4. Access your files. One of the great challenges of being on the road (or even on the train to work) is accessing your various files on your various computers. Apps like Google Drive and Dropbox have very nicely solved this problem, and while editing those documents on your tiny smartphone screen may still be a challenge, the simple ability to quickly find and view those files is a powerful tool for business people everywhere.
5. Tweet your heart out. Because so many businesses are increasingly dependent on social media and the marketing opportunities they represent, it is critical that your devices give you quick, easy access to those accounts. Tweetdeck is a powerful app that allows you to manage multiple Twitter accounts in one simple interface. Facebook’s app is simple and fun – easy to use on both phones and tablets, and gives you quick access to your timeline and newsfeeds.
6. Find a great place for a lunch meeting (or oysters). If I have one indispensable app when I travel on business it is Yelp. When in a strange city, I am ever in need of a great place for a lunch meeting or a quick breakfast or to satisfy a craving. I love to eat, I love to explore new places, and I love to share my own finds (not to mention my pictures of restaurants I like). I also find that 90% of the restaurants I discover on Yelp are excellent asd long as I follow a few rules – the place must have at least 50 reviews and a minimum star rating of 3.75; if it meets those criteria I am rarely disappointed. BTW, if you’re in Boston anytime soon and want great fresh oysters, try this place I found on Yelp: Neptune Oyster Bar is a tiny little place that is usually packed; if you go early you can walk right in and get yourself a dozen of their fresh, local mollusks. Yum!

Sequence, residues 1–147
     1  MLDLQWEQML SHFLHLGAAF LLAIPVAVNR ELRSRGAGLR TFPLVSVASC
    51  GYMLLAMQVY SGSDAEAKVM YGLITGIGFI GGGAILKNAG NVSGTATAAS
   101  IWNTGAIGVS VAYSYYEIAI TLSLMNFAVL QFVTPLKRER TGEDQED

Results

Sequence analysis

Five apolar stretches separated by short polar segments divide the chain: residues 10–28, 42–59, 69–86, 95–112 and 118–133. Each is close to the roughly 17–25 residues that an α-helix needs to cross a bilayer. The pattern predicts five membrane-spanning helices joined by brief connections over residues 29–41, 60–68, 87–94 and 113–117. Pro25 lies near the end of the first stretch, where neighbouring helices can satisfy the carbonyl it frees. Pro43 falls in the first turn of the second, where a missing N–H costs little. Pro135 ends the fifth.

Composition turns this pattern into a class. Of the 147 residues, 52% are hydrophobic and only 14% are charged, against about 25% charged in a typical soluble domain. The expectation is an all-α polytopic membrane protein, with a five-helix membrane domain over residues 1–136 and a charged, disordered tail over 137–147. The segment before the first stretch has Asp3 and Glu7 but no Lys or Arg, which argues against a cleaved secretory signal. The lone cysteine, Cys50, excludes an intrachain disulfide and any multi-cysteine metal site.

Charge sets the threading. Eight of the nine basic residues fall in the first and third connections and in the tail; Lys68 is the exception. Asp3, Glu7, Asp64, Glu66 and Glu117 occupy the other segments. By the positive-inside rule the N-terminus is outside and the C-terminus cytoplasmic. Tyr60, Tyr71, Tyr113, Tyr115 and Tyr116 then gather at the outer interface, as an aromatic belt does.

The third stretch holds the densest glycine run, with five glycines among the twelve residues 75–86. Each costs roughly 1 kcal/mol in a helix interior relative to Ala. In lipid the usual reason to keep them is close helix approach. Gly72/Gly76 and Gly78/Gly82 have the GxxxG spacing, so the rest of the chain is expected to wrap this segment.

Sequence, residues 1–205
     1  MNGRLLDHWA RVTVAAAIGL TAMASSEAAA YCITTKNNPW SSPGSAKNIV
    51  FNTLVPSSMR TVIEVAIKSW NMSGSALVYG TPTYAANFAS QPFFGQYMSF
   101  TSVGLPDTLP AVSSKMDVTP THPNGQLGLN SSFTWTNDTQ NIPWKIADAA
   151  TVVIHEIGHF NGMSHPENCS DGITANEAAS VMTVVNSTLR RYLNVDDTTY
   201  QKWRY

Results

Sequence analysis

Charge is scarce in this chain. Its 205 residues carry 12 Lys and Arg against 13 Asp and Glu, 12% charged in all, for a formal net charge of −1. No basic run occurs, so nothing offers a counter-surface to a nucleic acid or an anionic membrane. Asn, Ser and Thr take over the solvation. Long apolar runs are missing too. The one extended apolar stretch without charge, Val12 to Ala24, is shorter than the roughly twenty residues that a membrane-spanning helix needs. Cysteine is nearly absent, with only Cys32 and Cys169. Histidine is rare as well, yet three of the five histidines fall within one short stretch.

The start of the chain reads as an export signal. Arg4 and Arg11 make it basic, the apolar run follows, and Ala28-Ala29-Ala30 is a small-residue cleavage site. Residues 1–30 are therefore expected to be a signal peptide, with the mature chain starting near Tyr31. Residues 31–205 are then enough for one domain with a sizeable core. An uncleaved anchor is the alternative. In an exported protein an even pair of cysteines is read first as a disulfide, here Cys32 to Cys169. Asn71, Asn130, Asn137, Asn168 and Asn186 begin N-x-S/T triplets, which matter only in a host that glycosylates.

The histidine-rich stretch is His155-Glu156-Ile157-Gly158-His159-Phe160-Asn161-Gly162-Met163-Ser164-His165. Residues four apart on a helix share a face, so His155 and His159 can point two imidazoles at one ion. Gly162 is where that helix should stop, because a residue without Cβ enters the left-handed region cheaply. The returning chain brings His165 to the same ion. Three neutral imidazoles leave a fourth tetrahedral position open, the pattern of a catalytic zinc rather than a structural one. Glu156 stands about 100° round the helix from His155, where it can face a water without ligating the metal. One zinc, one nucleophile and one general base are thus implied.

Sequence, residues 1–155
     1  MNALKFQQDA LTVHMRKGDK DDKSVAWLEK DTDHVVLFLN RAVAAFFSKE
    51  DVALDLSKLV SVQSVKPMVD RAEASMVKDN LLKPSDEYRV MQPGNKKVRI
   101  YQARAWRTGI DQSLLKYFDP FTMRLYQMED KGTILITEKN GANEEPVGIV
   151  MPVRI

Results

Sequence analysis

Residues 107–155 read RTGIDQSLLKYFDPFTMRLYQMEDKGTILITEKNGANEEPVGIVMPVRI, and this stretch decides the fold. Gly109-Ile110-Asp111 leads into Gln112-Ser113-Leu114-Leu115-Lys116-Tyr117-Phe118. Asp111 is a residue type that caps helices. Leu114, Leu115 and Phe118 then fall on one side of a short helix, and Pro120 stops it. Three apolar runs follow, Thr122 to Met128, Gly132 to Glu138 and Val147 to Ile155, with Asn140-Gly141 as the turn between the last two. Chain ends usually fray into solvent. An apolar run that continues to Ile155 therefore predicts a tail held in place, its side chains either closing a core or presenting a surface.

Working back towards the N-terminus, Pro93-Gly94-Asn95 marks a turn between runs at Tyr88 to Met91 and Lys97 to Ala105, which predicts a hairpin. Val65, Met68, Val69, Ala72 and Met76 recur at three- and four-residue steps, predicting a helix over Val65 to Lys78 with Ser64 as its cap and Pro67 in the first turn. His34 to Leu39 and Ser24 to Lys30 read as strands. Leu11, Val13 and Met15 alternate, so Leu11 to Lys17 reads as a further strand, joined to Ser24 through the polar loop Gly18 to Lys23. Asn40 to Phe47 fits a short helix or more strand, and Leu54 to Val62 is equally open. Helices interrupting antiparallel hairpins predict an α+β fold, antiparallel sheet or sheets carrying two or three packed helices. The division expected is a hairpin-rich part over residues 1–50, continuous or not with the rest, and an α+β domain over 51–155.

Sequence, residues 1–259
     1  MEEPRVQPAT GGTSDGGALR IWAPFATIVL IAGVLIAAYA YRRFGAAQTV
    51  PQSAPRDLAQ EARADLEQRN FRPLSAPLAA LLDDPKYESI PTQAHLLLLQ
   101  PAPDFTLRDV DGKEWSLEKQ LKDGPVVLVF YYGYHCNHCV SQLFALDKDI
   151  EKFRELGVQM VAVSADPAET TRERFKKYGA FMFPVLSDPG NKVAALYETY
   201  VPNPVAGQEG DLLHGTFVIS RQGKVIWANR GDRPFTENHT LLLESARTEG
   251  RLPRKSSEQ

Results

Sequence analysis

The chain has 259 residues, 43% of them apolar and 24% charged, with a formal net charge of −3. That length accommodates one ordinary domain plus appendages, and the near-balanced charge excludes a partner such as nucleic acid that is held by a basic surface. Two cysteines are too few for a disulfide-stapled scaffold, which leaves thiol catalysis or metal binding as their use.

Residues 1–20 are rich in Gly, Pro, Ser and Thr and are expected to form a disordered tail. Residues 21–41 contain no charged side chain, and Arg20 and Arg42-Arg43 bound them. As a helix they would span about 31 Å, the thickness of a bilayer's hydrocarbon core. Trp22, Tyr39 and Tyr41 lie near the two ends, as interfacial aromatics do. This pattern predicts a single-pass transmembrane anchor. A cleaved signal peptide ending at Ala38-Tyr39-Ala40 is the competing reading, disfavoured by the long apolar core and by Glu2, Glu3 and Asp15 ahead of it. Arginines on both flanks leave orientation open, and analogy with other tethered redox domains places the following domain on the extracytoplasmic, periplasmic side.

7. Wake up on time. I get up early and my body is not one that wakes up by itself. The alarm is typically set for 530am no matter the time zone and I prefer to wake up to national news on the radio. While plenty of hotels now provide a decent alarm clock, I still prefer having the iPad set up on the bedside table, and my alarm clock app of choice is iHome Radio, linked to my TuneIn account. I keep various favorites stations stored, from home as well as from different parts of the country, so I know I can always wake up to my local NPR station or always find a program to match my mood. iHome Radio allows you to set and save multiple alarms and the display shows the local weather as well as keeping track of your sleep stats.
8. Find your way around. Google Maps and the turn-by-turn directions combines with a windshield mount may be the greatest piece of software ever invented. I have experimented fairly extensively now and have yet to get lost or turned around, in spite of my own shortcomings as a driver and my preternatural ability to miss my exit. Public transportation as well as walking directions are also available and oh so easy to use. When I travel internationally and want to avoid those data charges, I have come to rely on Offmaps, an app that allows you to download detailed streetmaps of most major cities and view those without a data connection.
9. Make your calls. Speaking of international travel, staying in touch when out of the country can be difficult, but apps by Skype and Google+ can make phone calls and video chats easy and cheap. With a WiFi connection and Skype, you can make local, long distance, and international calls for as little as 0¢ per minute (if you’re calling another Skye user) or for pennies per minute to call any cell phone or landline. Google+ hangouts are a very simple and effective video conferencing tool which we use to hold team meetings or one-on-one video chats when traveling or when working remote from home or the local coffeeshop.
10. Hotspots to go. Every major city in the world is a thicket of WiFi signals, many of them open and available free to the public. The problem is how to find them? WiFi Finder solves the problem nicely, with built in maps of cities around the world and a database that is constantly being refreshed and updated. Nicest feature? You can actually download and view the maps when you are offline, thus avoiding the Catch-22 of needing a WiFi hotspot in order to find a WiFi hotspot.